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In Act V, Scene i, what news does Balthasar bring to Romeo in Mantua? What does Romeo...

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hopesfall | Student, Undergraduate | eNotes Newbie

Posted March 22, 2009 at 5:06 AM via web

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In Act V, Scene i, what news does Balthasar bring to Romeo in Mantua? What does Romeo plan to do as a result?

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sfwriter | College Teacher | (Level 2) Associate Educator

Posted March 22, 2009 at 6:33 AM (Answer #1)

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(Balthasar)  Then she is well, and nothing can be ill.
Her body sleeps in Capels’ monument, (Capulet's)
And her immortal part with angels lives.
I saw her laid low in her kindred's vault(20)
And presently took post to tell it you.
O, pardon me for bringing these ill news,
Since you did leave it for my office, sir.


Balthasar hs been in Verona long enough to hear the Juliet is "dead" (actually only in a potion-induced coma, as the audience knows) and laid in the Capulet's tomb.  Directly after learning this fact Balthasar left Verona and came to Mantua, without speaking to Friar Lawrence about any of this.  Therefore Balthasar only knows what everyone in Verona thinks is the truth: that Juliet is dead.  The one man in Verona who could have told him otherwise, Friar Lawrence, does not have a chance to tell him that Juliet is indeed alive.

This makes Romeo wild with grief and immediately suicidal.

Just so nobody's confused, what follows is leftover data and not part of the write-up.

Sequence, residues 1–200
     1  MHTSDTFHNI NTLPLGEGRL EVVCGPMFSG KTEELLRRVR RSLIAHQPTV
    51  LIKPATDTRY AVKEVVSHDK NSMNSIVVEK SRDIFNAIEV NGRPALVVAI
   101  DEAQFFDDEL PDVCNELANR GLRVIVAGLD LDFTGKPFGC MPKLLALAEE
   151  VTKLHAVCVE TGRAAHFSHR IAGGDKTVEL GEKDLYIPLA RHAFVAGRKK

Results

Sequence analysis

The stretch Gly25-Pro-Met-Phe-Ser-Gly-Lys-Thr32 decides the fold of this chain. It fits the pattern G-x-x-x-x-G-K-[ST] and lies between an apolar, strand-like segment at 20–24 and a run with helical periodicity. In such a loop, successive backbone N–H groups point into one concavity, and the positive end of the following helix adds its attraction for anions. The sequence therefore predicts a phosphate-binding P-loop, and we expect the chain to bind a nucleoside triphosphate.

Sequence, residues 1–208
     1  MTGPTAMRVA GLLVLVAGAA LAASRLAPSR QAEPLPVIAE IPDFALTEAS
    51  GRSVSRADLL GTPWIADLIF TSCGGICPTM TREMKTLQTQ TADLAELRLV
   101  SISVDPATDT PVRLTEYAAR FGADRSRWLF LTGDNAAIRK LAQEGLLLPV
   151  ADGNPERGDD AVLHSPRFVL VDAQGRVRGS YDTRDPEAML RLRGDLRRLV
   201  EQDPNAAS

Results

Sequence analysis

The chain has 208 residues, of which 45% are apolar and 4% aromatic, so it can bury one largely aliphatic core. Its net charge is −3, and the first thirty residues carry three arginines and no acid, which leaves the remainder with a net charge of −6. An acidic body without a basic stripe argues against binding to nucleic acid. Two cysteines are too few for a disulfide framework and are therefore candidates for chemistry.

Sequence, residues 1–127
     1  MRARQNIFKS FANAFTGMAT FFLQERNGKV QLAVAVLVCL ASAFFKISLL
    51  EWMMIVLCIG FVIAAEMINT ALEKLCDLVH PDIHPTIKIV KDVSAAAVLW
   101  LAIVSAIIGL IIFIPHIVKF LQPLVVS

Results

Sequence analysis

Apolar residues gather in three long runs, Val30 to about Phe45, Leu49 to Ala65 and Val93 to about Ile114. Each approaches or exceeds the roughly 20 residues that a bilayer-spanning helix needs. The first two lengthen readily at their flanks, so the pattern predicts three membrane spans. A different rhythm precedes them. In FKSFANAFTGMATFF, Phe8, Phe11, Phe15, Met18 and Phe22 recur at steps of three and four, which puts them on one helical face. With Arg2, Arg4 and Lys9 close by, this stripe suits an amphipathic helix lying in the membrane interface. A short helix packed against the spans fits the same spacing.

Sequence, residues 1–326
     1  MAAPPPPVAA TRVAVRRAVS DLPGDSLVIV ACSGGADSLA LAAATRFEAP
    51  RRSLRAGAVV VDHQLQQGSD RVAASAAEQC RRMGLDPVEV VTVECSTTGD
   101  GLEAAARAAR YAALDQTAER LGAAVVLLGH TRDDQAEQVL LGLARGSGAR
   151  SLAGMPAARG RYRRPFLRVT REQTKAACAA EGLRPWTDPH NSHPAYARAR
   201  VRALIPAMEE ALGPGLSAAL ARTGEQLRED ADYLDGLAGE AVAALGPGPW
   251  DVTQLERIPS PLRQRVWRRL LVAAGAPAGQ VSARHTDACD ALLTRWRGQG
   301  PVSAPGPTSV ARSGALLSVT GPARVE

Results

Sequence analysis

Well, Juliet, I will lie with thee to-night.
Let's see for means. O mischief, thou art swift
To enter in the thoughts of desperate men!
I do remember an apothecary,
And hereabouts he dwells, which late I noted(40)
In tatt'red weeds, with overwhelming brows,
Culling of simples. Meagre were his looks,
Sharp misery had worn him to the bones;
And in his needy shop a tortoise hung,
An alligator stuff'd, and other skins(45)
Of ill-shaped fishes; and about his shelves
A beggarly account of empty boxes,
Green earthen pots, bladders, and musty seeds,
Remnants of packthread, and old cakes of roses
Were thinly scattered, to make up a show.(50)
Noting this penury, to myself I said,
‘An if a man did need a poison now
Whose sale is present death in Mantua,
Here lives a caitiff wretch would sell it him.’

Romeo remembers that there is a very poor apothecary's (chemist or pharmacist) shop here in Mantua.  In that shop were all manner of stuffed or preserved poisonous animals, and, Romeo reasons, if it is at all possible to buy poison (which is illegal, by the way) in Mantua, this is the one place to buy it.  Romeo sends Balthasar to hire horses for them to ride back to Verona, and Romeo plans to go and procure the poison for himself.  He plans to go to Juliet's tomb in Verona, and lay himself in the tomb next to her and take the poison, thus killing himself.  Romeo does all of these things, not knowing that Juliet is still alive.

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